Divergence between media reporting and scientific assessment leads to scepticism among consumers
If pesticides are used in the production of foods, such products have a bad reputation among consumers. This is confirmed by a representative survey conducted by the German Federal Institute for Risk Assessment (BfR) in February 2016. Almost half of the respondents believe that the safety and quality of foods is declining overall. They see pesticides and the industrialisation of agriculture as the reasons for this decline. "One third of interviewees were especially concerned about the detection of the pesticide glyphosate in breast milk and in urine reported in the press", BfR President Professor Dr. Dr. Andreas Hensel said in his comments on the findings of the survey. "According to our latest analysis, no glyphosate is actually detectable in breast milk. From a scientific point of view, the substance is to be expected in urine in low concentrations. Residues up to the approved limit value for foods are permitted and can therefore be ingested." Viewed in this light, the recently detected glyphosate residue in beer is not an unexpected finding. In general, the use of pesticides in foods and an accompanying occurrence of residues in food products is permitted by the legislation passed by the legislative body. In contrast, two thirds of respondents think that such residue in food is not permissible.
Already in 2010, the BfR commissioned a survey in Germany on the subject of pesticides. At the time, it was found that many consumers do not know that pesticide residue is permissible up to the relevant legal residue limit value which must be defined in such a way that the safety of the food is warranted. The BfR took the controversial public debate, begun in 2013, on the health impact assessment of glyphosate in the procedure for renewing approval of glyphosate as an active ingredient as an opportunity to survey consumers on the topic of pesticides again in February 2016. On the one hand, the goal was to probe the attitudes of the public on pesticides in general and glyphosate in particular. On the other hand, the BfR wanted to establish whether the population’s factual knowledge has increased as a result of the frequent appearance of the topic in the media.
The result of the new survey of a representative sample of 1,000 persons has now shown that the wrong assumption that pesticide residue in foods are generally banned is still very common. In addition, the vast majority of the population in Germany holds the opinion that food produced using pesticides is rather toxic but cheap, whereas foods produced without pesticides are seen as healthy and tasty but expensive.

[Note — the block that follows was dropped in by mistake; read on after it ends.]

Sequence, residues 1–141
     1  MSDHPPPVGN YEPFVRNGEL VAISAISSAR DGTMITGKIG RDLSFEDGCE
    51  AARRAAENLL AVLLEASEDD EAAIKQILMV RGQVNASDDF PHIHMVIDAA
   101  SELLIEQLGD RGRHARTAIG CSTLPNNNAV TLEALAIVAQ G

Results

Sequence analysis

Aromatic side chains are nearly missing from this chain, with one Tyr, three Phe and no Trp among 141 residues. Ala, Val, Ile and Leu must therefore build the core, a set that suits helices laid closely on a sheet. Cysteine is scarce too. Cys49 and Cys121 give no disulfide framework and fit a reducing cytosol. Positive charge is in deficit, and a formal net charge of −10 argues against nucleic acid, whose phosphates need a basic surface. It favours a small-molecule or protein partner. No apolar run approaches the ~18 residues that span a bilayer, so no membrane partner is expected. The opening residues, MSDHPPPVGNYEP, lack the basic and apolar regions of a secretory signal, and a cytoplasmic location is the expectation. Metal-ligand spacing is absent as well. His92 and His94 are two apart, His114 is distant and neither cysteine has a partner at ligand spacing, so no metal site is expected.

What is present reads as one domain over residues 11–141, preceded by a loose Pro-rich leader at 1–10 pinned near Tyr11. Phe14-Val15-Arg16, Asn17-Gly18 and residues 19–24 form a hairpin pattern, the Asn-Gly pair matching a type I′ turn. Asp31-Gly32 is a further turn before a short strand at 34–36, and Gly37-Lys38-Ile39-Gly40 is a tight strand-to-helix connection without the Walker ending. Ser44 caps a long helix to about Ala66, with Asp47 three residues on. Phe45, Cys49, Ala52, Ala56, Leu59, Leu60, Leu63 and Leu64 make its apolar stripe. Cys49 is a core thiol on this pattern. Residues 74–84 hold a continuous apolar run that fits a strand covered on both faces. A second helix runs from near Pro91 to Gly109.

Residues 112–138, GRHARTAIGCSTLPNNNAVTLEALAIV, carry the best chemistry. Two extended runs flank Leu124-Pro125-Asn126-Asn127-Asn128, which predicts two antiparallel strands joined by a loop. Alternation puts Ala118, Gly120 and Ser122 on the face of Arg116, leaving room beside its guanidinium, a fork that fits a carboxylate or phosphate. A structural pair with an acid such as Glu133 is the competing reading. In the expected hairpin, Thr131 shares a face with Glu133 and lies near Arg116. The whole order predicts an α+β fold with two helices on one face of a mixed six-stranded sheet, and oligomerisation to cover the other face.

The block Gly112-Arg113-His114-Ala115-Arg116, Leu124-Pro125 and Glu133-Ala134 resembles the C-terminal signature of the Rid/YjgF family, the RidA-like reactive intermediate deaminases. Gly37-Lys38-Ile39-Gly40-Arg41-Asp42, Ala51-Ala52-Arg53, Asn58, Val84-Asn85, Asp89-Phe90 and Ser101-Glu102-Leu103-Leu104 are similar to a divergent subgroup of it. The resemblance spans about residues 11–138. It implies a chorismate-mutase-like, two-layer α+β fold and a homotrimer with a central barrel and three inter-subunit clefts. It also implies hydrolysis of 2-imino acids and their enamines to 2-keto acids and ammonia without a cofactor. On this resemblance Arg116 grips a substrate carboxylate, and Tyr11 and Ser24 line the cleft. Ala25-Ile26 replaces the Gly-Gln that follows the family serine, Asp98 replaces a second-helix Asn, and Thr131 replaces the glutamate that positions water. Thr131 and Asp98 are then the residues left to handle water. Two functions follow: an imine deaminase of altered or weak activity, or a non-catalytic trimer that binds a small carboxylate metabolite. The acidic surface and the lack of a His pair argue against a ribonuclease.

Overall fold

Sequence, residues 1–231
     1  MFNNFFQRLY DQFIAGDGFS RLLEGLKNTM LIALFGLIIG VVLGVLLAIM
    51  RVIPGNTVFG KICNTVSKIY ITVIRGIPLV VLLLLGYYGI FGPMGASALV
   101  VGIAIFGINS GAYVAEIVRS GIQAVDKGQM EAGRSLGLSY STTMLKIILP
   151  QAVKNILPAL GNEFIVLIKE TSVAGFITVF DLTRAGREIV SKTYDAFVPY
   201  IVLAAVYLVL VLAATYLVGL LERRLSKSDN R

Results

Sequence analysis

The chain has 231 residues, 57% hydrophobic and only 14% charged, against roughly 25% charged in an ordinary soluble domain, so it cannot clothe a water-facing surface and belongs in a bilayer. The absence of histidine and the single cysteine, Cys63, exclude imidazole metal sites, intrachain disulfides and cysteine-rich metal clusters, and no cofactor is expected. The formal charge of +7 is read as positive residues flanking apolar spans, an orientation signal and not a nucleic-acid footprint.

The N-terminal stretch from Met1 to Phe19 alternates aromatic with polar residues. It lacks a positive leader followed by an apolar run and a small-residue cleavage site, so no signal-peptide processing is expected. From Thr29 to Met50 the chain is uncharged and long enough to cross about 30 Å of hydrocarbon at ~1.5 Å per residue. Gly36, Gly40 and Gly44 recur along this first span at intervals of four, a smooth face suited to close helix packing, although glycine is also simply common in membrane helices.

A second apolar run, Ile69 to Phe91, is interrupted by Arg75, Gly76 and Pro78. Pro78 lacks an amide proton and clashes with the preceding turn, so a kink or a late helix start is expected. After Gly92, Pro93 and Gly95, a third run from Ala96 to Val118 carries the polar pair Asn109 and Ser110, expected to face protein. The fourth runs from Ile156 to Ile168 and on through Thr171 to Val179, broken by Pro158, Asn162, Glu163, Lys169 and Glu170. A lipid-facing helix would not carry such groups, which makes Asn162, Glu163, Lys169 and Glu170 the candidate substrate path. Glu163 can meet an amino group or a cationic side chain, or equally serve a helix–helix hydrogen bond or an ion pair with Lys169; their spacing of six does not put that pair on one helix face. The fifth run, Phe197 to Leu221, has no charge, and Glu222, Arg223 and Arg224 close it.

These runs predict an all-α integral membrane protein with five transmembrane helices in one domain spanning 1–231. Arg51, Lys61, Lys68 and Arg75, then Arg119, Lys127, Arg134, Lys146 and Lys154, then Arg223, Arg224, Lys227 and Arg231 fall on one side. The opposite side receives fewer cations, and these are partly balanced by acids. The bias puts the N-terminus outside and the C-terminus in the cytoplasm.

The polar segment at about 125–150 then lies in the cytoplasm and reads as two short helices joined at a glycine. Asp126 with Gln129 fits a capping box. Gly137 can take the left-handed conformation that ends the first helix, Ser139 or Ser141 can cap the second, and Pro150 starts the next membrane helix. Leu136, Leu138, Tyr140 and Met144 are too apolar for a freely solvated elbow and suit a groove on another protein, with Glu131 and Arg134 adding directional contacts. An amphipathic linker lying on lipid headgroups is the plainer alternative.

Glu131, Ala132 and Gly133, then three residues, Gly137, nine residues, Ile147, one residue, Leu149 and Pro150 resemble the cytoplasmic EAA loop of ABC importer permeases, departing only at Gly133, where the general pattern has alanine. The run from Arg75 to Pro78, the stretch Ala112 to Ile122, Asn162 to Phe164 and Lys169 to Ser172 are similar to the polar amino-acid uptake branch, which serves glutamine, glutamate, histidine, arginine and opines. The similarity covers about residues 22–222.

The survey confirms the assumption that consumers largely derive their knowledge about pesticide residue contained in foods from the media. Thus 70 % of the roughly 1,000 respondents stated that they had read, seen or heard something about the subject in the media over the last two years. However, only about half of them remember what subject areas were discussed in the media reports. One quarter of respondents only grasp the topic of pesticides in general and diffuse terms, whereas another quarter cannot recall the contents covered by the media at all. Only 9 % of the population remember media reports discussing a health risk.
When asked about the ratio of benefits versus risks of the use of pesticides in food production, two thirds of respondents say that the risks outweigh the benefits. In line with this belief, a clear majority of 65 % state that they avoid foods they know or suspect may contain pesticide residue. This means that a majority of respondents take a critical stance towards pesticide residue.
However, residue of approved pesticides in foods is permissible up to the legal limit value and safe in terms of its health effects. It is true that humans and animals can ingest small amounts of, for example, glyphosate via food and feed. However, since glyphosate is excreted quickly by the body, it is to be expected that traces of this active ingredient are found in in the urine of humans and animals. The glyphosate concentrations detected in urine so far do not indicate a level of contamination that could result in adverse health effects on consumers. Thanks to continually improving analysis methods, smaller and smaller quantities of substances can be detected, down to individual molecules. In the case of dioxins, for example, the detection threshold fell from ppm (parts per million = 10-6 = 0.000001, in the year 1960 to a precision range of ppq (parts per quadrillion = 10-15 = 0.000000000000001 (see graph (PDF file,109.26 KB) in German).
As regards the statutory regulation of pesticides, more than 80 % of respondents want consumer organisations, non-government organisations as well as the agricultural industry and consumers to play an important role. Only just over 70 % think that the government authorities at the national and European level that are currently legally mandated to regulate pesticide residue should play an important part in this area.
The results of the survey reinforce the BfR’s view that the public needs to be even more comprehensively informed in future about the fundamentals and results of scientific risk assessment of pesticides.
About the BfR
The German Federal Institute for Risk Assessment (BfR) is a scientific institution within the portfolio of the Federal Ministry of Food and Agriculture (BMEL) in Germany. It advises the Federal Government and Federal Laender on questions of food, chemical and product safety. The BfR conducts its own research on topics that are closely linked to its assessment tasks.